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Introducing the Rose & Rex Guide to Positive Language

You asked. We listened. Introducing the Rose & Rex Guide to Positive Language Strategies, a 45-page PDF for parents, caregivers and educators seeking language support for challenging moments and everyday conversations. Available for download NOW! To celebrate the launch, the Guide is available at a special introductory price- you won’t want to miss this! ⁣

We've gathered your most-frequently-requested topics, scenarios and language alternatives, like “What can I say instead of, ‘Don’t hit your brother!'?” We’ve also edited our most popular IG tips to include additional strategies and modifications for age, language ability, and developmental stage. Have a baby? It’s never too early to be mindful of your language!

Today we’re sharing one tip as it appears in the Guide:⁣

Sharing is complicated and challenging, even for adults, yet we often expect young children to share without hesitation. There is more to sharing than a child’s willingness to offer materials to others. It’s equally important to consider a child’s ability to assert herself when she’s not ready to share. If you notice another child grabbing a toy away from your child, empower her to say, “I’m still using this dump truck!” Consider the age and language abilities of your child; even very young children can practice asserting themselves by using simple phrases like, “My bucket!” ⁣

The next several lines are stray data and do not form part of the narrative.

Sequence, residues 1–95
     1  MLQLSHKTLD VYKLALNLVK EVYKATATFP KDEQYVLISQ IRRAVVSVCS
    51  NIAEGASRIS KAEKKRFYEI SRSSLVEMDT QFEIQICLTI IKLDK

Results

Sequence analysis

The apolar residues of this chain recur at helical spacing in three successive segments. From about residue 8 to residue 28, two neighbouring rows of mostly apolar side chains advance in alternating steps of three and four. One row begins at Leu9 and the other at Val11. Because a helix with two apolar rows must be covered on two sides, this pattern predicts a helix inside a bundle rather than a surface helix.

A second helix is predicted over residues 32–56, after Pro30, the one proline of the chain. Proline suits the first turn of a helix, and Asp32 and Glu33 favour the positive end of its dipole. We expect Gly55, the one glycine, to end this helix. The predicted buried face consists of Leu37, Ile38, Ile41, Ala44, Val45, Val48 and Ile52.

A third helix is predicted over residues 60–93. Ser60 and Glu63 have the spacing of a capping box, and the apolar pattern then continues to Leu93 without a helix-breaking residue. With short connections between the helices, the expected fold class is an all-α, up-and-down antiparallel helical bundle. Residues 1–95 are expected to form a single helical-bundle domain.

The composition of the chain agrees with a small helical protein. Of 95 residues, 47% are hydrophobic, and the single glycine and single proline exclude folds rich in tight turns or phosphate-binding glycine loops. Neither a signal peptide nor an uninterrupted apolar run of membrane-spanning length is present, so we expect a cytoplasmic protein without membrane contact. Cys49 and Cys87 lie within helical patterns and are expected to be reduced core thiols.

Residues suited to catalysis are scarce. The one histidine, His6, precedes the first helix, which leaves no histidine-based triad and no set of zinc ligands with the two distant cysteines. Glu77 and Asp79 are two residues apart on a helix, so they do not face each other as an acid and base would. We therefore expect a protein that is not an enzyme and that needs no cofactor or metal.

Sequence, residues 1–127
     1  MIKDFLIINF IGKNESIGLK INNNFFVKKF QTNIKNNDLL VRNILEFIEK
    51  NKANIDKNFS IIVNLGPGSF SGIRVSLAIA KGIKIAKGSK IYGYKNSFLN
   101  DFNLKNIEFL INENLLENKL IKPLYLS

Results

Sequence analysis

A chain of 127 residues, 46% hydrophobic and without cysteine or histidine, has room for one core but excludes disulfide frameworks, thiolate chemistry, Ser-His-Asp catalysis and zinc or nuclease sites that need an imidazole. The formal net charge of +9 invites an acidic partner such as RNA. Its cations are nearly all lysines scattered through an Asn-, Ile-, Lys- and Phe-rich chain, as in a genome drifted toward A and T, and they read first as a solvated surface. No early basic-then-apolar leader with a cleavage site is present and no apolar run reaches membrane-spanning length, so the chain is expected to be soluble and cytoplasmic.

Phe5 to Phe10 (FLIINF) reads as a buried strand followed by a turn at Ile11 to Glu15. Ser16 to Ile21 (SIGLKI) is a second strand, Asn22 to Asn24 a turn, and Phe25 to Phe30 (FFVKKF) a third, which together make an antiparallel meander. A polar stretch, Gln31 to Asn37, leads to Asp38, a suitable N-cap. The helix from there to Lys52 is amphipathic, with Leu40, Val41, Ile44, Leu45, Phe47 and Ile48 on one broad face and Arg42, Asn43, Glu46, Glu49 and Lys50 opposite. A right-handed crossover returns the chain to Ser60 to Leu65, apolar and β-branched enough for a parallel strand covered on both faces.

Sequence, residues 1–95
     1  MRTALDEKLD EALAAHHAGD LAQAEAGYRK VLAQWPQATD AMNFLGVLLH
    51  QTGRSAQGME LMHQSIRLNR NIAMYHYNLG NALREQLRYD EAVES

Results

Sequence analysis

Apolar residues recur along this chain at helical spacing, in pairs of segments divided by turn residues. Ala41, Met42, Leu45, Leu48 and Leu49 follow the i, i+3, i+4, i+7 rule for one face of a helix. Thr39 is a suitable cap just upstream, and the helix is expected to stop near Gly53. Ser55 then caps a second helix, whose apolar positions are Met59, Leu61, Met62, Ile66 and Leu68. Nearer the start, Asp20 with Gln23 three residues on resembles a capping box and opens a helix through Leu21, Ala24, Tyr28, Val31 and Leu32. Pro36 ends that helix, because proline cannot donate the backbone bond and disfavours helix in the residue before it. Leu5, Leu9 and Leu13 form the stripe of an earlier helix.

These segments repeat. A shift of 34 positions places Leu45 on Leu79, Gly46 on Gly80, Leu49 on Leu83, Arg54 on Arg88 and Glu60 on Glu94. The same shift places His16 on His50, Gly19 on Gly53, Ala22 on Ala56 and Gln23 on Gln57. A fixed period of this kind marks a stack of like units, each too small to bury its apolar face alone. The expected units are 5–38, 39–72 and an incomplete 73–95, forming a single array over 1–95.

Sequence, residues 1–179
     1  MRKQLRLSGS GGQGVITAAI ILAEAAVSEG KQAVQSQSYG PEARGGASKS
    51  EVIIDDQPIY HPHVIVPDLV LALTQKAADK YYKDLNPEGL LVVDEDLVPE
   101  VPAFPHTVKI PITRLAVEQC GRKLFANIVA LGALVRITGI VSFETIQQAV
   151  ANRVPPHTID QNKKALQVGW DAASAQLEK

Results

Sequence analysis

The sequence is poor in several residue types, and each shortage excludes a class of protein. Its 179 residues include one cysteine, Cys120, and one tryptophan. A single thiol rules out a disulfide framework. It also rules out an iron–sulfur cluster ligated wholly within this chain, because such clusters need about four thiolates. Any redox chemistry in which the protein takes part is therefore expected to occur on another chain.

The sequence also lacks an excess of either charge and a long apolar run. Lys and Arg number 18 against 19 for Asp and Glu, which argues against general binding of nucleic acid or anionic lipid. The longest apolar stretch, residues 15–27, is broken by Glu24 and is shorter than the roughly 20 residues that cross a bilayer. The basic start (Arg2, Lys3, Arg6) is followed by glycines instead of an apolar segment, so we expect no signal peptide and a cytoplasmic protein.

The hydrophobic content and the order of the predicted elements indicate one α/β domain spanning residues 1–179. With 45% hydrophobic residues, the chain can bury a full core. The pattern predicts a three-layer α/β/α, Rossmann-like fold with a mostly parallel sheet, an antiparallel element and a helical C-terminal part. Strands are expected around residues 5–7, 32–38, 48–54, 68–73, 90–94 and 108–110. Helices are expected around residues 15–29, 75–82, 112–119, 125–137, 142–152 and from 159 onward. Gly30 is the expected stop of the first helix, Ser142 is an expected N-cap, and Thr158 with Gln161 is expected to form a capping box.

It may feel uncomfortable to follow through on your child’s behalf, but it’s a challenge worth accepting. When a child grabs something from your daughter and the child’s parent shrugs as if to say, “Well, kids will be kids”, take a deep breath and look to your own child. Ideally, she should speak directly to her peer. If she is too upset or surprised to speak for herself, step in and say, “She’s still using this shovel.” Stand nearby until the child (or more often the parent) returns the item to your daughter. Will it be awkward? Sure. Will there be tears involved? Sometimes. However, the temporary discomfort is worth it because you are showing your child that her words and feelings matter.⁣

Bonus tip: While not as common, oversharing is another difficult concept that families can navigate together. Some children are so generous with their peers, they are often left with nothing for themselves. Sound like your child? Try pointing out, “You made Stella so happy when you shared your play dough with her… but it looks like you don’t have any play dough left for yourself! You can tell her, ‘I need some of my play dough back.’ Next time, you could share some of your play dough, instead of all of your play dough.”

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